Gamification is the use of elements of game design on non-game context. Hey, I know, definition suggestions have been multiplied so far, but let me get to my point. When game elements are the subject, the first concepts that probably come into minds are points, badges and leaderboards. Other than these, game-like screens, WoW concept menus; well; progress bars, so on. The second argument is mostly about that elements; which one is necessary, which one is not, which are more useful when combined. But we have probably missed one point and forgot to re-ask a question after gamification is reconsidered: What is a game element? My answer to this is simple: Smash the game into pieces and find out!
Smashing comes from Smash Your Brand! concept of Dear Martin Lindstrom that I cited below. I want you to tear the pieces of your greatest gaming moments down. Remember the games that you play addictively, were you playing them because you earn badges or points? Because there’s a board of points showing you and your in-game-opponents? Probably not. Icon adventures and Sim series are not the games that I remember keeping any score. Levels can be accounted as badges but if you are an arcade player that likes to play short-termed play-like games, you know that it’s not always about these.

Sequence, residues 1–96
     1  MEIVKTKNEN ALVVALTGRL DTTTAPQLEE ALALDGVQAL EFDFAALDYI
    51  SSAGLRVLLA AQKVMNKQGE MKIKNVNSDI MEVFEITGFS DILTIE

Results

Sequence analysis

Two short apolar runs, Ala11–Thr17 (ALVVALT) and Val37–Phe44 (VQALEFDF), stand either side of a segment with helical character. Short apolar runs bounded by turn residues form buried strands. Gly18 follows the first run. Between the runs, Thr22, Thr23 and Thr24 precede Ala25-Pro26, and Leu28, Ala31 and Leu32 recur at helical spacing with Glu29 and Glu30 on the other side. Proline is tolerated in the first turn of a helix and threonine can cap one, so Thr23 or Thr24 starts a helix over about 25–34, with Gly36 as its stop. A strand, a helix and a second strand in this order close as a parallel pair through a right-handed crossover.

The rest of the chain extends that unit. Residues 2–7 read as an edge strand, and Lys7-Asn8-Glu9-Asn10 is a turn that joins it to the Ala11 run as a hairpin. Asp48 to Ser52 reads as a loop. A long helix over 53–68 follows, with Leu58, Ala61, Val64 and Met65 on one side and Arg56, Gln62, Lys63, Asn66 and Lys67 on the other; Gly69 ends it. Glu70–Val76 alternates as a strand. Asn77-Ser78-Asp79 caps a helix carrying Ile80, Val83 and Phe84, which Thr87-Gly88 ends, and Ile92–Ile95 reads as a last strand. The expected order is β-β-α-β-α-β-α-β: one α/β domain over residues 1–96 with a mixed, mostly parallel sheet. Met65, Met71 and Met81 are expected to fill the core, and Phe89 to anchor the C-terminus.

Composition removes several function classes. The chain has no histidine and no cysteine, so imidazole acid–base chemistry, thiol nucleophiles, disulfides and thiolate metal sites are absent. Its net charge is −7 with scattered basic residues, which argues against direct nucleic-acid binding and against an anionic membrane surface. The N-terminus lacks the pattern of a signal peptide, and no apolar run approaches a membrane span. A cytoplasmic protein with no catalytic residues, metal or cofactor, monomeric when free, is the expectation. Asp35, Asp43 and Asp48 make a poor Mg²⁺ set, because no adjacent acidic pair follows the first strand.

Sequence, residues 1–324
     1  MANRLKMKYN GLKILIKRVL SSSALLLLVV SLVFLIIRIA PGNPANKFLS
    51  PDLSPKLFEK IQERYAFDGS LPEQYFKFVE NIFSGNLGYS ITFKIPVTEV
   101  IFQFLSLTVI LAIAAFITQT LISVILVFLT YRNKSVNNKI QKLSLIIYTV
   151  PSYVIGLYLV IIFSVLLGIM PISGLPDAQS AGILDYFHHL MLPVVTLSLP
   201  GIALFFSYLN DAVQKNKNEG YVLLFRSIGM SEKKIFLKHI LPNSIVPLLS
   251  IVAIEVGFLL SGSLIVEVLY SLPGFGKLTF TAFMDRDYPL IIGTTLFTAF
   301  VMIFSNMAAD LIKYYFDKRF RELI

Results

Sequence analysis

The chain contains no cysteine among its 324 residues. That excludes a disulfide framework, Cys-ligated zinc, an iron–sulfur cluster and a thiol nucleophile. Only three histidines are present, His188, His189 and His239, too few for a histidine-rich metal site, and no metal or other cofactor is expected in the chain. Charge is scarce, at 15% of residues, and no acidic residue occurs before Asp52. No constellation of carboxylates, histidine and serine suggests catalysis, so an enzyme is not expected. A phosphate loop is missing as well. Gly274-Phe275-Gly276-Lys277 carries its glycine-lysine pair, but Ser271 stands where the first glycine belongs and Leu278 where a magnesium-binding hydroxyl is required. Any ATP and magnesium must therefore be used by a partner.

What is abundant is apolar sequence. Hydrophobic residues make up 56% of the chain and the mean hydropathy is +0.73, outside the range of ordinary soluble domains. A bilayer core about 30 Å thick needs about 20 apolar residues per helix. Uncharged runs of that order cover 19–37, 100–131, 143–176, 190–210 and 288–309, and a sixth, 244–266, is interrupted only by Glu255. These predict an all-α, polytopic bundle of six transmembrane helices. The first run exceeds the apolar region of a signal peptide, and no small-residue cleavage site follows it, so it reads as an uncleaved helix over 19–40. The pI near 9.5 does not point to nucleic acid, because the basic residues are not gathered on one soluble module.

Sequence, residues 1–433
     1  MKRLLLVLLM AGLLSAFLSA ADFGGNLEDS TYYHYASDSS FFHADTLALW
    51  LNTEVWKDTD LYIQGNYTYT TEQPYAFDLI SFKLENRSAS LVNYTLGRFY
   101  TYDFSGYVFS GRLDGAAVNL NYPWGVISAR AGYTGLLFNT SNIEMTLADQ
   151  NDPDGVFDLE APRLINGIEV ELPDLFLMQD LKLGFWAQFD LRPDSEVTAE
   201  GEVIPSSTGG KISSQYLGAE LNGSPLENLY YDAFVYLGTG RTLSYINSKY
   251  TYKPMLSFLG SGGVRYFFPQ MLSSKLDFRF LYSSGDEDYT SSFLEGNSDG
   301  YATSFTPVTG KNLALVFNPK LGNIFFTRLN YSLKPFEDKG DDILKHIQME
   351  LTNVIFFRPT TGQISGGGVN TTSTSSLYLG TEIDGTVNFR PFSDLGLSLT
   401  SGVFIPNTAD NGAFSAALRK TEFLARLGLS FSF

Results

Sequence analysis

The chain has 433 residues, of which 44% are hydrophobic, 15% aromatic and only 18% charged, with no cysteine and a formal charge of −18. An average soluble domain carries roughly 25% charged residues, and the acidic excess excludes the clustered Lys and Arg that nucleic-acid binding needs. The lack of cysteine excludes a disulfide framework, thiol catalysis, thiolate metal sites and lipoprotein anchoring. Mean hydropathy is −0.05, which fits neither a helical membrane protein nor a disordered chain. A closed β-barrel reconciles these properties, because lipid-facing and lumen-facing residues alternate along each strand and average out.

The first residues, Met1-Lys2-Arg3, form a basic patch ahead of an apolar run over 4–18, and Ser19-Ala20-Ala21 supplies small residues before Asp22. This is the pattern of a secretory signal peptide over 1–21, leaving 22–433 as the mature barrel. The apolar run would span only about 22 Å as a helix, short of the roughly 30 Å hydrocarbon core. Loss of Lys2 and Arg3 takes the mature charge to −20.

Because you had fun? Mostly, but all the time? How about the times that you play because you feel urged to? Times when you have nothing to do better but try to pass the cursed level that you cannot pass in Candy Crush? Is that fair to name your furious times as ‘fun’? How many times have you tried repeatedly a level of Super Frog in which your Frog dies because you missed to press the jump button with miliseconds? Think about the games that you play the most. Have you been playing them because you had been having fun all the time or because you have had no other useful habits than playing Spider Solitaire?
I think we should seperate formal elements, fun and engagement. Yep, people behave toward feelings, but people have not always had the instinct to have fun. You want to play the game because you like to feel angry but then very relaxed once you pass the level that you try hard to succeed. You may want to play it to pump some adrenaline through your veins by: Horror games, first-person car races or shooters. Even those can be classified as fun factors, I believe fun becomes a secondhand concept if habitual plays or engaging factors like feeling responsibility for playing the game as a series of events.
So, I am not sure if this occurs to me a lot since I am an OB master (never the same, similar or anyhow related to Obi-Wan by the way) but I believe that searching any kind of significance in formal and visual elements for a game design only makes a good brain exercise, optimistically. What really matters is to discover what engages people to use a gamified design that reminds them of the glorious moments of playing their favorite games. If possible, have as much fun as using the tools to playing an addictive game. It might sound weird, but believe me it’s not. Search your feelings, you know it to be true. (That sounds kind of related to Obi-Wan, only indirectly.)
In fact, I started to write for saying stuff about stories, heroism and gamification, but I think that’ll make another seperate blog post. This was also not supposed to be a father-son gathering, just let me use the Skywalkers and McClaines to end the post properly.